By Maureena Thompson, Army Futures Command
Dr. Mike Wilson knows what it is like to navigate a Black Hawk helicopter through inky night skies and turbulent weather conditions.
Wilson, a research psychologist at the U.S. Army Aeromedical Research Laboratory, served for 20 years as an Army operational aviator before earning a doctoral degree in human factors psychology from Clemson University. He now spends his days investigating ways to improve aeromedical missions, including by enhancing the nighttime navigational capabilities available to pilots.
“As you can imagine, flying at night when it’s dark and you can’t see can be very challenging,” Wilson said.
While Wilson’s experience has given him invaluable insight into the operational uncertainties military pilots may face in the cockpit, his education – which focused on applying engineering, ergonomics and psychology to the understanding of how humans can interact most effectively with machines – has provided him with unique expertise on ways to alleviate functional constraints through user-informed solutions.
Since the 1980s, the Army has utilized third-generation, helmet-mounted, aviation-friendly night vision goggles in helicopters to overcome visibility constraints, helping the Army aviator to “own the night.” However, Wilson explained that with new threats emerging and more advanced technological tools available, “owning the night isn’t good enough anymore; we need to be able to own the degraded visual environment.”
A degraded visual environment can result from suboptimal weather, such as smoke, dust, fog or rain. These atmospheric conditions strain Soldiers’ visibility and decrease their likelihood of being able to maneuver at ideal speed and with peak precision.
“If we can operate our helicopters in those types of environments, it’s going to give us an operational advantage as we fight and win the nation’s conflicts,” Wilson said, adding that the ability to medevac wounded Soldiers swiftly and safely despite degraded visual environments is also a priority concern.
Researchers at the lab are addressing the degraded visual environment challenge by assessing how pilots – particularly rotary-wing pilots, who fly closest to the ground – can use automated, multi-pronged systems to more accurately image what is in front of them, even amid obscuring factors.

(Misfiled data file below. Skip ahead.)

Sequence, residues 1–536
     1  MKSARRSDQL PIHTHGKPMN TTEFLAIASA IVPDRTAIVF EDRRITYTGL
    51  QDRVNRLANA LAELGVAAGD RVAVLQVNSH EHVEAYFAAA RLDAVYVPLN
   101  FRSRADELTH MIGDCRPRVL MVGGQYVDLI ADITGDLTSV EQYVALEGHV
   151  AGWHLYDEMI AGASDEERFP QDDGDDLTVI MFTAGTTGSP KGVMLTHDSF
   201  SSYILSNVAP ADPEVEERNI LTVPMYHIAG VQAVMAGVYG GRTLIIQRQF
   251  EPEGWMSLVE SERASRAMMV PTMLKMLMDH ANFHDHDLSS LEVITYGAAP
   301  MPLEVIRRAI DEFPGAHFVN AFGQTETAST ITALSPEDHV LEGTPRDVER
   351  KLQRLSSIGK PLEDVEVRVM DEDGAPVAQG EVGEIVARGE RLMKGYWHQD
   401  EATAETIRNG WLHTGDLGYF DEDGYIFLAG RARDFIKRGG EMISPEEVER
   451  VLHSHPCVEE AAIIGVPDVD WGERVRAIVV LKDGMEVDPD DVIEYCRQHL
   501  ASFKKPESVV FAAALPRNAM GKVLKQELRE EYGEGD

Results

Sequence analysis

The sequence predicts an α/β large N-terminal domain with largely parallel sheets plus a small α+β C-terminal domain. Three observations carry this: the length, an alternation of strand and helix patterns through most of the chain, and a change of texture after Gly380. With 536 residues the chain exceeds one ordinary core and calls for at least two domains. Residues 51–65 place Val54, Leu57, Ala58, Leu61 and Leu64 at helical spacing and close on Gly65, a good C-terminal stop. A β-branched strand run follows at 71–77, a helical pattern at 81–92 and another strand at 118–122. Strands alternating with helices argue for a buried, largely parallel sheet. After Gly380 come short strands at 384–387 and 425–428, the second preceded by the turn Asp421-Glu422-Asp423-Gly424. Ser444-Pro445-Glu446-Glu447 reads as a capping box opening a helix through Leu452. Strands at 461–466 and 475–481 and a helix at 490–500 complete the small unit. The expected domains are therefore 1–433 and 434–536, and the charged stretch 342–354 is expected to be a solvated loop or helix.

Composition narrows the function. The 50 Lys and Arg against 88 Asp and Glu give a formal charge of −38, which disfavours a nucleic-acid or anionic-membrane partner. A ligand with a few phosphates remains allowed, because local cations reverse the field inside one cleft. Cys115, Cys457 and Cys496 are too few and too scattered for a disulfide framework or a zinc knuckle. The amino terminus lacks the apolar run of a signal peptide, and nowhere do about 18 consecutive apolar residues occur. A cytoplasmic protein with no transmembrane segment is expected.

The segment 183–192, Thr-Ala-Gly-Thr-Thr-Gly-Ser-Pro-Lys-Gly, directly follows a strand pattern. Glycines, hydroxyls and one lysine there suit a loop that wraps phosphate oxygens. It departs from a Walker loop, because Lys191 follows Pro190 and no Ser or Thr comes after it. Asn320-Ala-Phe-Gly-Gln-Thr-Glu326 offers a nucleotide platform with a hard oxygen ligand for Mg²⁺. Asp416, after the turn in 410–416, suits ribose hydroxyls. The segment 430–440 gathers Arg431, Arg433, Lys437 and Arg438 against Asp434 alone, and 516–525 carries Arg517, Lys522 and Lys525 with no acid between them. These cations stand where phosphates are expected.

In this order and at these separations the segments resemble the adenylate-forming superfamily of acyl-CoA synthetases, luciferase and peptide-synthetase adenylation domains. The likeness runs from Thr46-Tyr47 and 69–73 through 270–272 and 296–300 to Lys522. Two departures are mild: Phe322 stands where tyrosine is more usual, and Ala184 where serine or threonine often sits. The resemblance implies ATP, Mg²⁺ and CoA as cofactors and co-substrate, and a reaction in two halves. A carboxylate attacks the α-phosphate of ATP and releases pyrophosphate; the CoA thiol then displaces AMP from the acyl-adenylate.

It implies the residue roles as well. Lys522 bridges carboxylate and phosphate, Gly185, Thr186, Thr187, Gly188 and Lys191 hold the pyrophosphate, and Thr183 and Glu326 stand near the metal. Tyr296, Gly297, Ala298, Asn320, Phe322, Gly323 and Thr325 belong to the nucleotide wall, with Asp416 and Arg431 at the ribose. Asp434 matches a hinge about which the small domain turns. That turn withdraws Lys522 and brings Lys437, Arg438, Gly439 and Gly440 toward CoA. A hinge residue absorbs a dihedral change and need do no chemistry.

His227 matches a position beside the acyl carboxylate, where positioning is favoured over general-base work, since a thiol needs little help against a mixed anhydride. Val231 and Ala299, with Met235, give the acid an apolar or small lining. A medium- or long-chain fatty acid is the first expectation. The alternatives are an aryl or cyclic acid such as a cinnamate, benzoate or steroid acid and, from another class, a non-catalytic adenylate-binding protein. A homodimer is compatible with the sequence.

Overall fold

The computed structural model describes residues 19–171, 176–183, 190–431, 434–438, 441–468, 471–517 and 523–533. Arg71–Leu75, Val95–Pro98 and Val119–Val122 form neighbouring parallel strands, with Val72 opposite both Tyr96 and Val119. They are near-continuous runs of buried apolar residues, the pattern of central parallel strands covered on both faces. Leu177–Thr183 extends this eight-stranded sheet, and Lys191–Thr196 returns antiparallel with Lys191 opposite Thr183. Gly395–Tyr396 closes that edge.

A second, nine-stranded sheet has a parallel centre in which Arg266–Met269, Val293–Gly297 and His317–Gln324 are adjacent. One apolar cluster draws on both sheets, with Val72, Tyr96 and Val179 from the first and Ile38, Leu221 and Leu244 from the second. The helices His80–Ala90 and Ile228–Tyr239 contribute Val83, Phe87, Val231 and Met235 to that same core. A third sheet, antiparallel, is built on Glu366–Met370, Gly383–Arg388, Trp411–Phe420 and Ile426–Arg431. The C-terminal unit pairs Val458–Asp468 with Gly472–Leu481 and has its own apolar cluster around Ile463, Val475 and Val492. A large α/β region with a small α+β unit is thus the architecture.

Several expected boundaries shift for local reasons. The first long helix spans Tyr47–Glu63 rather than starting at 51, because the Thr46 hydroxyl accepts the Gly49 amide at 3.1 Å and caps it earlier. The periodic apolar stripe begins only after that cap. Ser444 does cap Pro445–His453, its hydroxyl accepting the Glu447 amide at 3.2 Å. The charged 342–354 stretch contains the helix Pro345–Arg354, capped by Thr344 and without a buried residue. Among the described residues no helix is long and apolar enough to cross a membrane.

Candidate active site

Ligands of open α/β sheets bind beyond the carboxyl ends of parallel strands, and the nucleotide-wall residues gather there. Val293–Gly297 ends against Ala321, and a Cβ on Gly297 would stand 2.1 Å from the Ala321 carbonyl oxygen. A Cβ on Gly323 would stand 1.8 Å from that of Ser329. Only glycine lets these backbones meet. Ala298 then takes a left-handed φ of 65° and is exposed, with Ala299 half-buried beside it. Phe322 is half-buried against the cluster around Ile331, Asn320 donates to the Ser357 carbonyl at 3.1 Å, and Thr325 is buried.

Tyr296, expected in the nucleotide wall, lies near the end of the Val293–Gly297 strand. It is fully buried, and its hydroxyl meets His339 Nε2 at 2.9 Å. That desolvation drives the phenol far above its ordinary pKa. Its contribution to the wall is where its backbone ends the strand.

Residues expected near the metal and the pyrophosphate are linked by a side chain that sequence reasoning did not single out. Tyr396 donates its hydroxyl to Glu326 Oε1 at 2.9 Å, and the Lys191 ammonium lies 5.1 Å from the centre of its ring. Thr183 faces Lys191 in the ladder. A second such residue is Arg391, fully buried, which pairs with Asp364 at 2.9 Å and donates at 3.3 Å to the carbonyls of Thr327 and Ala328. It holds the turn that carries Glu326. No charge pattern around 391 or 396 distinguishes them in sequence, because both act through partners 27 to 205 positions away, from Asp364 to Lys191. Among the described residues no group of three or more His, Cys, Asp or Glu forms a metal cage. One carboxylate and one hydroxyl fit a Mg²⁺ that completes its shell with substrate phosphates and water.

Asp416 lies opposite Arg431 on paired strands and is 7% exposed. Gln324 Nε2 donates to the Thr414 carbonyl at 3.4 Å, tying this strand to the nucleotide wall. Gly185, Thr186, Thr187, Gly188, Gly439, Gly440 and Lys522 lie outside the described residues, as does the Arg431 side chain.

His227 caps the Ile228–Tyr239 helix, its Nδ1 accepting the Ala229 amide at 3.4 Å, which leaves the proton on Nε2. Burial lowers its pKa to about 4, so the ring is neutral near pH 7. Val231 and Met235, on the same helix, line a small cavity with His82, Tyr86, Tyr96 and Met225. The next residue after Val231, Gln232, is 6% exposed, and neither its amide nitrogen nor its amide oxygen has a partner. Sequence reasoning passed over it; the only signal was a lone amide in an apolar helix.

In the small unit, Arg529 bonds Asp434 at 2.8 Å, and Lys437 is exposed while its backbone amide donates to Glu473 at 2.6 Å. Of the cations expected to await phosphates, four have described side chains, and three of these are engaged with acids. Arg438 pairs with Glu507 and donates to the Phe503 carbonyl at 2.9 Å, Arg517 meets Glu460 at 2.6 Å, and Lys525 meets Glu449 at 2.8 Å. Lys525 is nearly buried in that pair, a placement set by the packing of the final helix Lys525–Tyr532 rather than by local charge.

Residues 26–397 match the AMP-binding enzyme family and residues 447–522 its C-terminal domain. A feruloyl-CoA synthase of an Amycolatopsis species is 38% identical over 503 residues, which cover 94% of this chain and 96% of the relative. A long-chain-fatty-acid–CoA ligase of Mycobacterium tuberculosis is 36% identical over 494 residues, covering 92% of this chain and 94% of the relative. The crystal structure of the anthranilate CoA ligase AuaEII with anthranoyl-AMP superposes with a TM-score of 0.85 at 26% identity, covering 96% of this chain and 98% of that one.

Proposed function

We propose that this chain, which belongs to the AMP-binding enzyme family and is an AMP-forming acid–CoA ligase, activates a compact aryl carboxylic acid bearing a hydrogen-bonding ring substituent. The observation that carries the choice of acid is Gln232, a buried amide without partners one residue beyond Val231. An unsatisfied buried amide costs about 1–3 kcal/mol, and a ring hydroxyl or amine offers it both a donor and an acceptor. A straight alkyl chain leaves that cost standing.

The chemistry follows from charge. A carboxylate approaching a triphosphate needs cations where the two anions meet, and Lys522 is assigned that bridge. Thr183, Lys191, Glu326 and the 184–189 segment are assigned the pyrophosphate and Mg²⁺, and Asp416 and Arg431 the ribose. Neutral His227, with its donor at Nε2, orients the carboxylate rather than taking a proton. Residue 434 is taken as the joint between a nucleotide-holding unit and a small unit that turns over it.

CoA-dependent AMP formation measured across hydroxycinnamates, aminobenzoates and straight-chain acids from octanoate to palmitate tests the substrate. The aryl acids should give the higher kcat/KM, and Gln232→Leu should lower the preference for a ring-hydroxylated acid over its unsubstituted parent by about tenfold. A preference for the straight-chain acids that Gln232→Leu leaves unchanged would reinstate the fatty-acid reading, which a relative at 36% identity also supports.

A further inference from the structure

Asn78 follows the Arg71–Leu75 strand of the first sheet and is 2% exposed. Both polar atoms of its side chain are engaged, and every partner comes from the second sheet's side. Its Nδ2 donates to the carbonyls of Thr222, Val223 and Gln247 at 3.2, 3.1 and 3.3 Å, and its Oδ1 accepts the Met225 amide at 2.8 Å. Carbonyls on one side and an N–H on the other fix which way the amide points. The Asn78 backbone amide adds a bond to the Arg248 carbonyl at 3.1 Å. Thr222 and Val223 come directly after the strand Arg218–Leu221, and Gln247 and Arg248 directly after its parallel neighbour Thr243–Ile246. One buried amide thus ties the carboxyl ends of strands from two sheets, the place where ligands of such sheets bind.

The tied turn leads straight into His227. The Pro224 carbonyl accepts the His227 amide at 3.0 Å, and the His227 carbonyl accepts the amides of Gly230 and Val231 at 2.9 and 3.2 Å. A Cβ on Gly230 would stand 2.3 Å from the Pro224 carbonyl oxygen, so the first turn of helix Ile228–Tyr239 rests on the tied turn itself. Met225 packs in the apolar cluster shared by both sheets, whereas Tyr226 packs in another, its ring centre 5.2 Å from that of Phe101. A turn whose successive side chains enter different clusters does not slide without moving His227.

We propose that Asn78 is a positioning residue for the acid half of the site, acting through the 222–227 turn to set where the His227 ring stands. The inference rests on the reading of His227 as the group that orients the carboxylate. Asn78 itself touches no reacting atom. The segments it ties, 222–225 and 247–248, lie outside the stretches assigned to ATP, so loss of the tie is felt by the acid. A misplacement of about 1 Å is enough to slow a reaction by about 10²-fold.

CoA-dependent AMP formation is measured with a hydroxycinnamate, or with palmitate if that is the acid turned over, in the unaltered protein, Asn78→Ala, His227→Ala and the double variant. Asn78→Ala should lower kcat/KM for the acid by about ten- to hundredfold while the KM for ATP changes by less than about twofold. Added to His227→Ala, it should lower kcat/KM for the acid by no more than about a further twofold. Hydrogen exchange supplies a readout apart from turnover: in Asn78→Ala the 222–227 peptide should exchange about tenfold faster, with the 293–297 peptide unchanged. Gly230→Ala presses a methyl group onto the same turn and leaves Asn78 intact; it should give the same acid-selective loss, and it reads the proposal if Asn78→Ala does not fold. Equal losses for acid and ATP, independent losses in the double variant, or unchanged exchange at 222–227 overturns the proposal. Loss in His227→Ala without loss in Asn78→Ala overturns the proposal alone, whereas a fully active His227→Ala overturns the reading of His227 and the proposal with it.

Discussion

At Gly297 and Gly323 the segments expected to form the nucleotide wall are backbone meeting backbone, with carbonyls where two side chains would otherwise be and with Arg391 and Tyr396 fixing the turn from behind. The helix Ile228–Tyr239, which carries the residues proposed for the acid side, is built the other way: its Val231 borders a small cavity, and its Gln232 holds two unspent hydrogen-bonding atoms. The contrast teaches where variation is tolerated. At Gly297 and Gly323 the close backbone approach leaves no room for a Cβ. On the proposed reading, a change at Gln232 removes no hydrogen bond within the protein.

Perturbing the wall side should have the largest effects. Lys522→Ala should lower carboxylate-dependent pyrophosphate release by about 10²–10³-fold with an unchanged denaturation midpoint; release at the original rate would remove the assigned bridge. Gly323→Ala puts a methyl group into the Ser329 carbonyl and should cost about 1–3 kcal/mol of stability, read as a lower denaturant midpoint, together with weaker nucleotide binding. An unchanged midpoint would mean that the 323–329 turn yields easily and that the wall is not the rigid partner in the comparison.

By artfully harnessing and melding light detection and ranging, a remote sensing process that employs lasers to reflect energy and evaluate topography; radar, which detects the presence of objects using radio-wave technology; and information drawn from existing maps, terrain data and intelligence, aviators may be able to better identify and avoid otherwise concealed obstacles located around and ahead of them.
Researchers at the lab are also beginning to explore methods to improve real-time monitoring of operator states, such as through eye tracking or heartbeat monitoring, so that if a pilot is wounded or incapacitated, commanders would know immediately and would be able to enact follow-on protocols as appropriate.
The lab partners with other Army research and development labs to ensure that technological developments such as these are not only effective when tested by engineers and scientists, but also useful in – and highly adaptive to – the hands and eyes of the Soldier.
The U.S. Army Aeromedical Research Laboratory is based at Fort Rucker, Alabama, and has an overarching mission of identifying medical solutions for Soldiers that reduce health hazards, prevent and mitigate injury, enhance performance and save lives.
The laboratory and its approximately 180 personnel are part of the U.S. Army Medical Research and Development Command, which falls under U.S. Army Futures Command.